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By Dan Sobczak
Editor's note: This content does not constitute flight instruction. Consult a certified flight instructor in your area for proper flight instruction.
Among NTSB accident reports involving general aviation, we read too often of accidents caused by fuel exhaustion, fuel starvation, or fuel planning errors.
While 'bingo fuel' is a military slang term that should not be used in general aviation -- see this Boldmethod story about why that is -- it is a good concept to adhere to as a general aviation pilot in determining, and sticking to, your own personal fuel minimums.
While some fuel-related accidents are caused by mechanical-related issues, there are too many that involve the pilot and his or her pre-flight fuel planning.
As of December 2020, Flight Chain App's Trends feature shows that -- among NTSB accident reports -- there were almost 11,000 accident types involving fuel management issues.
Of those accident types, almost 4,000 accident causes involved flight planning issues.
Two screenshots from Flight Chain App's 'Trends' feature show that, as of December 2020, there were almost 11,000 accident types involving fuel management issues. Of those, nearly 4,000 accident causes involved flight planning issues.
Frank Ayers over at Plane & Pilot shared a great column recently about setting personal minimums for fuel ("Pro Tips For Private Pilots: What Is Your 'Bingo Fuel?'") to avoid running out of gas.
"The No. 1 cause of general aviation aircraft landing on highways and farm fields, rather than the intended airport, is fuel mismanagement and exhaustion. When done well, this off-airport landing is often followed by the obligatory interview on the local news at 10, explaining why you landed on that highway just a wee bit short of the local airport! On the other hand, military and professional pilots, who often have significantly lower fuel-endurance margins to work with, have a much better record. We rarely, if ever, hear of a jet aircraft running out of fuel inflight. How do they do this? One answer is the military concept of 'bingo fuel,' or personal fuel minimums."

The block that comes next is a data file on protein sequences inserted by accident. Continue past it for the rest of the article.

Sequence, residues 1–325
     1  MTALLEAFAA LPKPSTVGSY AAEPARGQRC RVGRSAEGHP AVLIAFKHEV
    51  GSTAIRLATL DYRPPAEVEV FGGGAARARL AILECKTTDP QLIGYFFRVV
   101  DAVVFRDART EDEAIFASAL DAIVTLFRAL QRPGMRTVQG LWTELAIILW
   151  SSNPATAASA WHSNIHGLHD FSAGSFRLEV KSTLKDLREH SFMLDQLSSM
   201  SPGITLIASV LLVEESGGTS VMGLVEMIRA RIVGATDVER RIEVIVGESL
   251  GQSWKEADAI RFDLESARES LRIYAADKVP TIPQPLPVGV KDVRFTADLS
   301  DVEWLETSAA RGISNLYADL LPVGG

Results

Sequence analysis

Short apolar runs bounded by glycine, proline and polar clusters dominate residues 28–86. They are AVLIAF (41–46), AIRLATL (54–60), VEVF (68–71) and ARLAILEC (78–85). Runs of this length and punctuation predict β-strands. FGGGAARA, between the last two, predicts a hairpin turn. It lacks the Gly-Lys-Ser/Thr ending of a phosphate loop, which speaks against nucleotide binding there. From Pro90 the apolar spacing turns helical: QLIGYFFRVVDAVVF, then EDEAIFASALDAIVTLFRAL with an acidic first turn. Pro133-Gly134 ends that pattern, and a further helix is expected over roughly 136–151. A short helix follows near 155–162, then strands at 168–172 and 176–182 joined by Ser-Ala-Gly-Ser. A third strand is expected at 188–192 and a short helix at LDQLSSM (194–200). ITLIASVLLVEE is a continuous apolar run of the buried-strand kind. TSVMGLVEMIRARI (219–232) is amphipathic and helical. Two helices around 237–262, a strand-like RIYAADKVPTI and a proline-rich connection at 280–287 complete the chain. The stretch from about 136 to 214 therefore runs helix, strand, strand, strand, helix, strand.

While I won't go into all the detail that Frank shares -- you can read his entire column here -- I do want to share the three simple steps he discusses that will help you as a general aviation pilot compute your own 'bingo fuel' personal minimum for your general aviation aircraft:
Be sure to read the details he shares about each step -- which includes tips for fuel system operations among high-elevation pilots versus sea-level pilots, and examples of how you can establish your personal minimum fuel.
Of course, no fuel management plan will ever be reliable if you're not reliable as the pilot in command in adhering to your personal minimums. As Frank wrote:
"This concept only works if you figure out your personal fuel minimums and then stick to them. No rationalizing that the gauges are reading low, no hoping you can eke out a few more miles, and no trying to squeeze in one more pattern."
The Flight Chain App team
Dan Sobczak is the founder of www.FlightChainApp.com, a mobile app that helps pilots learn from accident chains by making NTSB reports more convenient and easier to digest. Dan received his private pilot certificate in 2003.
Flight Chain App and its companion blog www.AheadOfThePowerCurve.com are committed to reducing general aviation accidents, helping improve aviation safety, and growing the pilot population.
The only aviation accident app that helps you see and understand the accident chain from NTSB reports.
Flight Chain App and its blog Ahead of the Power Curve are committed to reducing general aviation accidents, helping improve aviation safety, and growing the pilot population.